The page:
RV Slide Leaks

Fixing Slide Out Leaks

Account Thousand Trails Parks

Fixing Slide Out Leaks

A couple days back, a thunder storm rolled through, with that storm came rain, and more rain, about an inch in 15 minutes. Normally a good thunderstorm with rain is quite enjoyable, but this time, not so much. The rain poured into the front room of the RV, just like it did a year ago, in Lancaster Pennsylvania, this time however it was more worrisome as we do not plan to head south this winter. We are wintering in Western Oregon, the rain capital of the USA. So how do you fix a leaky slide? Why do slides leak? I had no idea, so I did hundreds of searches on Google and came up empty handed! Athena being the smart one of the two got the garden hose out and found the source of the leak, the rubber gaskets did not flip as intended. If we manually reached in and flipped the rubber seals (Which were perfectly pliable and not weathered) the leak vanished. We were perplexed as to what to do. I went hunting for an answer.

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Here is the problem, hard to see I know, but if you look hard, you will see the gasket is twisting toward the bottom of the image here. If the gasket bends inward, water goes in, and if it bends outward, the water is guided out.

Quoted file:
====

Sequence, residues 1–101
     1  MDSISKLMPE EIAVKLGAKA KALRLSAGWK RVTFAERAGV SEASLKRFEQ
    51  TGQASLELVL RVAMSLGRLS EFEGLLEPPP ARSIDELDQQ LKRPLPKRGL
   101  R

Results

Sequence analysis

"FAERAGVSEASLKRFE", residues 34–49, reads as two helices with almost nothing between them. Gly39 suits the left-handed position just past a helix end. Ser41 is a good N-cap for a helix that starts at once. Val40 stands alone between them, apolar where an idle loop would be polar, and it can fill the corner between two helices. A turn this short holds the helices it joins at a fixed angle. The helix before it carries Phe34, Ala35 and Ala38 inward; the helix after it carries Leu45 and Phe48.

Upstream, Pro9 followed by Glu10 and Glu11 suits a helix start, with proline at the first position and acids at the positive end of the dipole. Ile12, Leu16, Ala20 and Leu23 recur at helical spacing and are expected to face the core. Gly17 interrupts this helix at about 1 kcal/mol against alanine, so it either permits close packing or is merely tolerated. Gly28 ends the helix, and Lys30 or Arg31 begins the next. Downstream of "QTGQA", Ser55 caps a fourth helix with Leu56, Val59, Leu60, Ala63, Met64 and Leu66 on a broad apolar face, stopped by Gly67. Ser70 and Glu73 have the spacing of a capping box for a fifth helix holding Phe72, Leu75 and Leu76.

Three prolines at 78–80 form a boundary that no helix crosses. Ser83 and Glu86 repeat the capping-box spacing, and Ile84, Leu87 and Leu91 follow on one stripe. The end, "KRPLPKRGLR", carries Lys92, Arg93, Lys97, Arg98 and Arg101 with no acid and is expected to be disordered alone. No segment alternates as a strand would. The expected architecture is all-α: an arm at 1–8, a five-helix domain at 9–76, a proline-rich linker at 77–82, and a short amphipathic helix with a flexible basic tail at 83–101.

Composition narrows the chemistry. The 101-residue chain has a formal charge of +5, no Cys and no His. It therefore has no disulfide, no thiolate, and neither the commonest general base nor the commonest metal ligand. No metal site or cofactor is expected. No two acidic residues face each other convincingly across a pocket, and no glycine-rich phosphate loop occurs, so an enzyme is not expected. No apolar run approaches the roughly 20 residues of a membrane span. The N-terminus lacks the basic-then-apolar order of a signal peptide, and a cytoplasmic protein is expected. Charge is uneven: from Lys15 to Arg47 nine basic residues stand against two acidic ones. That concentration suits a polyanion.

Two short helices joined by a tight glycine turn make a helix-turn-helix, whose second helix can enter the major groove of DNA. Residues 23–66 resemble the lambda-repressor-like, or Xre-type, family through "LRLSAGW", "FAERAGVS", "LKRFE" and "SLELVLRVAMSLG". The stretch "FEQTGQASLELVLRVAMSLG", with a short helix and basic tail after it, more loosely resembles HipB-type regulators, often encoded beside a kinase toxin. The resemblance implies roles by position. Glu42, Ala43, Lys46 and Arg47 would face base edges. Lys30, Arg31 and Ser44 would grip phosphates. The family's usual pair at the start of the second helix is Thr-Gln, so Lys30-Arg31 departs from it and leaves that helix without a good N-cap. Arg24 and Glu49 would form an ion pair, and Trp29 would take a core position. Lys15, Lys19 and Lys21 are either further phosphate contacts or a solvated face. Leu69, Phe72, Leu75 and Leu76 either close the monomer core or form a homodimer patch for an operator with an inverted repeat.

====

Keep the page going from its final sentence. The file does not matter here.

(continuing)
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This is the bottom corner of the slide when things are going well, but notice the seals do not completely touch the slide out box. So it is time to seek advice.

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I first seek the council of the great wise Sarah. Her Great answer is “What do I look like? A sun goddess or something? Lets play air hockey, the club house is nice.”

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I then asked the wooden lady, but she was unresponsive

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So, I decided to play a game with Sarah and Gave up on the quest for the night. The next day we went to look at some RV’s at Camping World, just in case we may want to upgrade to an older large diesel.While wondering around looking at the RV’s I began noticing that all their rigs have a drip rail coming out from behind the slide seal and running at least half way across the side of the slide. This was something to make a note of, all their rigs had these drip rails and I had never see one before.When we arrived back to our space in Silverspur RV Park in Salem, I walked around and looked at everyone else’s rig, nope, not a single drip rail. It turns out Camping World does not like wet RV’s and they install these on every rig they get in on trade. Hmm… The wheels turn, how do I duplicate this, and is it enough?My dad shows up for our Tuesday coffee time, and he takes a look at my slides. One that rarely ever leaks is different from the others,